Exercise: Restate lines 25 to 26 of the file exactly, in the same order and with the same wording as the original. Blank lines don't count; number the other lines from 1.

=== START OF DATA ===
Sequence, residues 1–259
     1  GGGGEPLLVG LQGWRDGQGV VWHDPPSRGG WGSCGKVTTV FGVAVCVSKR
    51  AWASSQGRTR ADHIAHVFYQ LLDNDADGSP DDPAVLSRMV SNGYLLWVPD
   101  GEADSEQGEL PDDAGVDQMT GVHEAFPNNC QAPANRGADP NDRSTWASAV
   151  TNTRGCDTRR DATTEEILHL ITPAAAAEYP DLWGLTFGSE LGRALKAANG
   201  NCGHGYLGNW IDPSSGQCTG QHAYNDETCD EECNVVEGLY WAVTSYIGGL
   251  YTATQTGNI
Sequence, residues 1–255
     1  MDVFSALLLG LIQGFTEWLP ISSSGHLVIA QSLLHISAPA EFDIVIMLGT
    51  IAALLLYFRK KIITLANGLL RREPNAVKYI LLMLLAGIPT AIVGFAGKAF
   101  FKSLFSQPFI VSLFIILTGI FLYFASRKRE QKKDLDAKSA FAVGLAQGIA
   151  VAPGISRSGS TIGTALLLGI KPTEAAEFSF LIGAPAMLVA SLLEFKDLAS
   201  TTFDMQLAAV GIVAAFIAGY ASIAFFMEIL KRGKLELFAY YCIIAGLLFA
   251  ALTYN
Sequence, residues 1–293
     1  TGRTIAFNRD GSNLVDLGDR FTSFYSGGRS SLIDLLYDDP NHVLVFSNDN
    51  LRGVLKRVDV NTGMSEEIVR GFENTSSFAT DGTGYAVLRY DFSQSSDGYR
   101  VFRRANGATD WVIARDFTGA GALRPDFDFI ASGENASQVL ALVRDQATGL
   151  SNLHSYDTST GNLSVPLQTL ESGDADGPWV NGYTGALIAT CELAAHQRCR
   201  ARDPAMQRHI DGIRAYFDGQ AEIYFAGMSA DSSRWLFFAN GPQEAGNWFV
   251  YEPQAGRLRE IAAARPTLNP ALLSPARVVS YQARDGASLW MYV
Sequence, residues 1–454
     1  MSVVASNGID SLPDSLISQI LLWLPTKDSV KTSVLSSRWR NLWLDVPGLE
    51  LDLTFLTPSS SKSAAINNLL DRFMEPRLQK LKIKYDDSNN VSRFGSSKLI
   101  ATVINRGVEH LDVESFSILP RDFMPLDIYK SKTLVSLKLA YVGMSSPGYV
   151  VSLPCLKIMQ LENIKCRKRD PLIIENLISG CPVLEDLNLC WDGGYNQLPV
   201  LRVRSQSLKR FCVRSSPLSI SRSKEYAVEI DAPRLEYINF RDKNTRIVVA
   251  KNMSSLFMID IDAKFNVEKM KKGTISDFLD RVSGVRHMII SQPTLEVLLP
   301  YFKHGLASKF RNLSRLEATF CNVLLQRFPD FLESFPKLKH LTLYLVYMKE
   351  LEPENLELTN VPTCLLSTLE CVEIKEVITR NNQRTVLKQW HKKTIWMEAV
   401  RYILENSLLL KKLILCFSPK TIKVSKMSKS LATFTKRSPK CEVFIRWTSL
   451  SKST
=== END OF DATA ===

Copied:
   101  ATVINRGVEH LDVESFSILP RDFMPLDIYK SKTLVSLKLA YVGMSSPGYV
   151  VSLPCLKIMQ LENIKCRKRD PLIIENLISG CPVLEDLNLC WDGGYNQLPV